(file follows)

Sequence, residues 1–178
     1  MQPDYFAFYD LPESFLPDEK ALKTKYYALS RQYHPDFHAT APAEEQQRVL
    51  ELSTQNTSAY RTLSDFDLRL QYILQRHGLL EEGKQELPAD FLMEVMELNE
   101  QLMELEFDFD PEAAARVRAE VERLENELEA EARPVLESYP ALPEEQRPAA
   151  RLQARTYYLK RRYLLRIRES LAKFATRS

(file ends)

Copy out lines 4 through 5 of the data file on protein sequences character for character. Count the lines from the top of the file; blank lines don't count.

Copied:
   101  QLMELEFDFD PEAAARVRAE VERLENELEA EARPVLESYP ALPEEQRPAA
   151  RLQARTYYLK RRYLLRIRES LAKFATRS